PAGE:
The Great Regret
- Aug 15, 2022 2:12 pm GMT
The wait is over. I have been waiting for over a year now for surveys on the Great Resignation movement, and those surveys are now starting to trickle in.
According to a recent survey by Joblist, about 26% of people who quit their job during what was dubbed the Great Resignation already regret it.
Additionally, 42% of people who found a new job after quitting said the new gig didn't live up to their expectations.
The fact that during the Great Resignation underscores a more significant issue: worker needs are not getting met.
Not only is this a sign that the Great Regret is happening but also that workers are looking for a better workplace culture and are finding that these needs aren’t being met by either company.
Many employees had been lured away by promises of , better titles and better perks during the Great Resignation. Younger professionals, in particular, also had a "heightened expectation" to have more paid time off, schedule flexibility and meaningful work and were willing to make a change to attain these ideals and the new culture did not meet these expectations.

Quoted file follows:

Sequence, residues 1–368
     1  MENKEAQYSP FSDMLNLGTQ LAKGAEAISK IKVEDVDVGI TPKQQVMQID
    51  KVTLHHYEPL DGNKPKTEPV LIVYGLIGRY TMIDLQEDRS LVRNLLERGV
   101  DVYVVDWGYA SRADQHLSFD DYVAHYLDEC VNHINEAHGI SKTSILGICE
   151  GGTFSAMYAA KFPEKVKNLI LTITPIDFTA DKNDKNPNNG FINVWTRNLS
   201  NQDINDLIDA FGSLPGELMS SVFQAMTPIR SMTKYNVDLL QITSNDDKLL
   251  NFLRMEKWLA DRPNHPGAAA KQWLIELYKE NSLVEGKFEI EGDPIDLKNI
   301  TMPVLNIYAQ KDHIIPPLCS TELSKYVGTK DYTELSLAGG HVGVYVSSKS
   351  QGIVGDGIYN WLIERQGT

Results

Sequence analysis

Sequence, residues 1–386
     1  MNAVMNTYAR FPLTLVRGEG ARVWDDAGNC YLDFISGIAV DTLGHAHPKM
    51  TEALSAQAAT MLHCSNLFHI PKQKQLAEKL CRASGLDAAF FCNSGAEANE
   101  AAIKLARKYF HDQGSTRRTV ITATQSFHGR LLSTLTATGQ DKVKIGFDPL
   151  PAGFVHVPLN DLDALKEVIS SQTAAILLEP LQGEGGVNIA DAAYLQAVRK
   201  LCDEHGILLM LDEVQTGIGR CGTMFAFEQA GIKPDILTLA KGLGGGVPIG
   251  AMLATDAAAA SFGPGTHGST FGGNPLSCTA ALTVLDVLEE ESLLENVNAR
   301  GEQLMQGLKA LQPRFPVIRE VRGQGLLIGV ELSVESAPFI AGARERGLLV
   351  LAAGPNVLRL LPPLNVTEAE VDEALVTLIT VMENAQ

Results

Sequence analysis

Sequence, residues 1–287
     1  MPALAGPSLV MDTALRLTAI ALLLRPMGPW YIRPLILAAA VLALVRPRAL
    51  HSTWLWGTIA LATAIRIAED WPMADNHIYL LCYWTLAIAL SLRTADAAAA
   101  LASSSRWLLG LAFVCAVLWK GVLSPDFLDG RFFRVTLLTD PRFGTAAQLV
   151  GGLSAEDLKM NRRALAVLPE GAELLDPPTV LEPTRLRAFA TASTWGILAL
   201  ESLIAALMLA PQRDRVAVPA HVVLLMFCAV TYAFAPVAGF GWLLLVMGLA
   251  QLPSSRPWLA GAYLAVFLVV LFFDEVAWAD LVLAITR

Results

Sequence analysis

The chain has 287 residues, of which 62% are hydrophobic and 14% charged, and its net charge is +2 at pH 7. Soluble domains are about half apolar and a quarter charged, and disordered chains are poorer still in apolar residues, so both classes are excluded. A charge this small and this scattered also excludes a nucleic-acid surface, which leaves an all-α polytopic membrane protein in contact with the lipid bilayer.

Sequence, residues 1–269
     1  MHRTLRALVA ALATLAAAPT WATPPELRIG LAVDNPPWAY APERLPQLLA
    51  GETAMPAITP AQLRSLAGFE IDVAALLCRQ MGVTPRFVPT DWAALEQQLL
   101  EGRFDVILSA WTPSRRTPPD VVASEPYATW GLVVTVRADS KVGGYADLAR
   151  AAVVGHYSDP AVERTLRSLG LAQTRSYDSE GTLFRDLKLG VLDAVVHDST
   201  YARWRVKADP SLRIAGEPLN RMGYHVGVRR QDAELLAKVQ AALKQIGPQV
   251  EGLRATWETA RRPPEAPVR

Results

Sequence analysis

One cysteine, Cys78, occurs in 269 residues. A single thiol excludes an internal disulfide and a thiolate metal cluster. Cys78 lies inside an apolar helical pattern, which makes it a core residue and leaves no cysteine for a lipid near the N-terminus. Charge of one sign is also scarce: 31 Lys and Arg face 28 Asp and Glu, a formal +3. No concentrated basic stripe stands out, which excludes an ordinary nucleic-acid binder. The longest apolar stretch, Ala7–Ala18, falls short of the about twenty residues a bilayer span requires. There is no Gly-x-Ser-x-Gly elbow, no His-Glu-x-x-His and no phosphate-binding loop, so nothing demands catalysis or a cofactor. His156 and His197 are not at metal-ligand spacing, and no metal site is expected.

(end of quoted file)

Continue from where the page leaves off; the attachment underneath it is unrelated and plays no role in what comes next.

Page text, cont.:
Ultimately, employees moving to new roles and new organizations are really looking for what makes them happy, and often the sentiment is that more money equals a happier life. For instance, sign-on bonuses seem great, but is it being offered because the organization's culture isn't one that cultivates value and fulfillment in its employees?
To help retain employees, businesses have the responsibility to cultivate an environment of clarity, alignment and purpose that connects employees to business goals and objectives where they feel valued and trusted, but with exception that employees still need to produce work in a timely manner.
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